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tion, or as supplementary work, if the parties expressly agree in writ
ing that the work shall be considered a work made for hire. 102. Subject matter of copyright: In general
Copyright protection subsists, in accordance with this title, in original works of authorship fixed in any tangible medium of expression, now known or later developed, from which they can be perceived, reproduced, or otherwise communicated, either directly or with the aid of a machine or device. Works of authorship include the following categories :
(1) literary works;
(7) sound recordings.
(a) The subject matter of copyright as specified by section 102 includes compilations and derivative works, but protection for a work employing pre-existing material in which copyright subsists does not extend to any part of the work in which such material has been used unlawfully.
(b) The copyright in a compilation or derivative work extends only to the material contributed by the author of such work, as distinguished from the pre-existing material employed in the work, and does not imply any exclusive right in the pre-existing material. The copyright in such work is independent of, and does not affect or enlarge the scope, duration, ownership, or subsistence of any copyright protection in the pre-existing material. $ 104. Subject matter of copyright: National origin
(a) UNPUBLISHED WORKS.—The works specified by sections 102 and 103, while unpublished, are subject to protection under this title without regard to the nationality or domicile of the author.
(b) PUBLISHED WORKS.-The works specified by sections 102 and 103, when published, are subject to protection under this title if-
(1) on the date of first publication, one or more of the authors is a national or domiciliary of the United States, or is a national, domiciliary, or sovereign authority of a foreign nation that is a party to a copyright treaty to which the United States is also a party; or
(2) the work is first published in the United States or in a foreign nation that, on the date of first publication, is a party to the Universal Copyright Convention of 1952; or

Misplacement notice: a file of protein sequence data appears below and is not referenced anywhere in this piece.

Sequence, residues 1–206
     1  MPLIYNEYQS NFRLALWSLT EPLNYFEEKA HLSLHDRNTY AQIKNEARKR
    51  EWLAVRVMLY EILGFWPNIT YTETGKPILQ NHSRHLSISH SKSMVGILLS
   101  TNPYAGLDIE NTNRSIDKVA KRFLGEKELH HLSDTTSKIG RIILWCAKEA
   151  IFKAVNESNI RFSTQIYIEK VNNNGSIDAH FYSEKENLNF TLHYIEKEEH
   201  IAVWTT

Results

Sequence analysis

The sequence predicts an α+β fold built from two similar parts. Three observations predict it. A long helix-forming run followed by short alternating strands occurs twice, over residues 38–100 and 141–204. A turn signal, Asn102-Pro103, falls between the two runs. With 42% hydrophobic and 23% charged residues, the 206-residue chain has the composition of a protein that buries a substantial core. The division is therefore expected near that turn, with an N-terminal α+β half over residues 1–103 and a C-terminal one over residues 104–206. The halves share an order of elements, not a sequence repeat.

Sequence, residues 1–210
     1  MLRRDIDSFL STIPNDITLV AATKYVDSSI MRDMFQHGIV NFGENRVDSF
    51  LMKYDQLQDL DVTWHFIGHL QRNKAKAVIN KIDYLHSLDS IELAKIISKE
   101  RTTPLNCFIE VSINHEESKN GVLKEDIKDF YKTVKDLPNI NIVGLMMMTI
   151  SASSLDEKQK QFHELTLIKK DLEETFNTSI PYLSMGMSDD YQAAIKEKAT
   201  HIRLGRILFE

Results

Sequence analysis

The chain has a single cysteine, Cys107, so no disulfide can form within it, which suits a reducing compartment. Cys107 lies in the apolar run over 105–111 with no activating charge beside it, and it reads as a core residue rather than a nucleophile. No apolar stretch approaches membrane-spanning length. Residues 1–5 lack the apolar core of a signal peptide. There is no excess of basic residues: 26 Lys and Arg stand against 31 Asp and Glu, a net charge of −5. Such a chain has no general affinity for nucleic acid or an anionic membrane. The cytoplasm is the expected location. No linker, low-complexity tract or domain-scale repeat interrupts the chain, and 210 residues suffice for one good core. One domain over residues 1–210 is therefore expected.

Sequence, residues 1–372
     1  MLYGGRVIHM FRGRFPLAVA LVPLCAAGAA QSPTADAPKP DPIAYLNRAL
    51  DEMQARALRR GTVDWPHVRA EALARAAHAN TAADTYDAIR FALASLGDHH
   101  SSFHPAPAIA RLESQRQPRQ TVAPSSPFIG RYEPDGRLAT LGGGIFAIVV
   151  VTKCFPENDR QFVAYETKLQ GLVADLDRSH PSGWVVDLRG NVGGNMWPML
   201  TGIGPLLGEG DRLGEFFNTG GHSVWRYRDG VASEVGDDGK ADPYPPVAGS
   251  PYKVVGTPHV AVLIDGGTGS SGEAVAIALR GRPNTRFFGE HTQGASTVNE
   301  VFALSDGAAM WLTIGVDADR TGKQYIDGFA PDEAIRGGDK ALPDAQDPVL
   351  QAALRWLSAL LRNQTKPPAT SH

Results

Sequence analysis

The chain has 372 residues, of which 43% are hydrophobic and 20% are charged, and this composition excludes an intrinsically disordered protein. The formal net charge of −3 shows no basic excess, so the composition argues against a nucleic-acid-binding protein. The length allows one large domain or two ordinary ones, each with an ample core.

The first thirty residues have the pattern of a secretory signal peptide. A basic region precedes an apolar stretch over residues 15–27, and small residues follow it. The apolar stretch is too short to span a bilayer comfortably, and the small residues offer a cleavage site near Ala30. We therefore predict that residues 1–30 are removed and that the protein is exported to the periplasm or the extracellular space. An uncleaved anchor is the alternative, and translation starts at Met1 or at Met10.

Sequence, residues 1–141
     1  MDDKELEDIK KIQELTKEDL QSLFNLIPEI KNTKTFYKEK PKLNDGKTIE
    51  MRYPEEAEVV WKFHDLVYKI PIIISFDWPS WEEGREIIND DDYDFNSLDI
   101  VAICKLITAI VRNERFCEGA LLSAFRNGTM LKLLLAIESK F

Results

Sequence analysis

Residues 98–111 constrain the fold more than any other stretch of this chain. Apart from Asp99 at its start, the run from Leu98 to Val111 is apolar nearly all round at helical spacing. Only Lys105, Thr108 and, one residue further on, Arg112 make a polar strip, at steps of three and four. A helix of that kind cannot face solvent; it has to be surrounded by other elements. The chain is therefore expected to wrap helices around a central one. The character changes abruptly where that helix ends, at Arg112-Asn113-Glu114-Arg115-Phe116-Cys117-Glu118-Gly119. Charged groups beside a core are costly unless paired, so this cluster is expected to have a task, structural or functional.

(3) the work is first published by the United Nations or any of its specialized agencies, or by the Organization of American States; or
(4) the work comes within the scope of a Presidential proclamation. Whenever he finds it to be in the national interest, the President may in his discretion extend, by proclamation, protection under this title to works of which one or more of the authors is, on the date of first publication, a national, domiciliary, or sovereign authority of any designated foreign nation, or which are first published in any designated foreign nation, and he may revise, suspend, or revoke any proclamation or impose any con
ditions or limitations on protection under a proclamation. 105. Subject matter of copyright: United States Government works
(a) Copyright protection under this title is not available for any work of the United States Government, but the United States Government is not precluded from receiving and holding copyright transferred to it by assignment, bequest, or otherwise.
(b) A "work of the United States Government” is a work perpared by an officer or employee of the United States Government within the scope of his official duties or employment. 8 106. Exclusive rights in copyrighted works
(a) GENERAL SCOPE OF COPYRIGHT.-Subject to sections 107 through 114, the owner of copyright under this title has the exclusive rights to do and to authorize any of the following:
(1) to reproduce the copyrighted work in copies or phonorecords ;
(3) to distribute copies or phonorecords of the copyrighted work to the public by sale or other transfer of ownership, or by rental, lease, or lending;
(4) in the case of literary, musical, dramatic, and choreographic works, pantomimes, and motion pictures, to perform the copyrighted work publicly ;
(5) in the case of literary, musical, dramatic, and choreographic works, pantomimes, and pictorial, graphic, or sculptural works, to exhibit the copy
righted work publicly. (b) DEFINITIONS OF CERTAIN EXCLUSIVE RIGHTS.
(1) To “perform" a work means to recite, render, play, dance, or act it, either directly or by means of any device or process or, in the case of a motion picture, to show its images or to make the sounds accompanying it audible.
(2) To "exhibit” a work means to show a copy of it, either directly or by means of motion picture films, slides, television images, or any other device or process. (3) To perform or exhibit a work "publicly" means:
(A) to perform or exhibit it at a place open to the public or at any place where a substantial number of persons outside of a normal circle of family and social acquaintances is gathered ;
(B) to transmit or otherwise communicate a performance or exhibi
tion of the work to the public by means of any device or process. 107. Limitations on exclusive rights: Fair use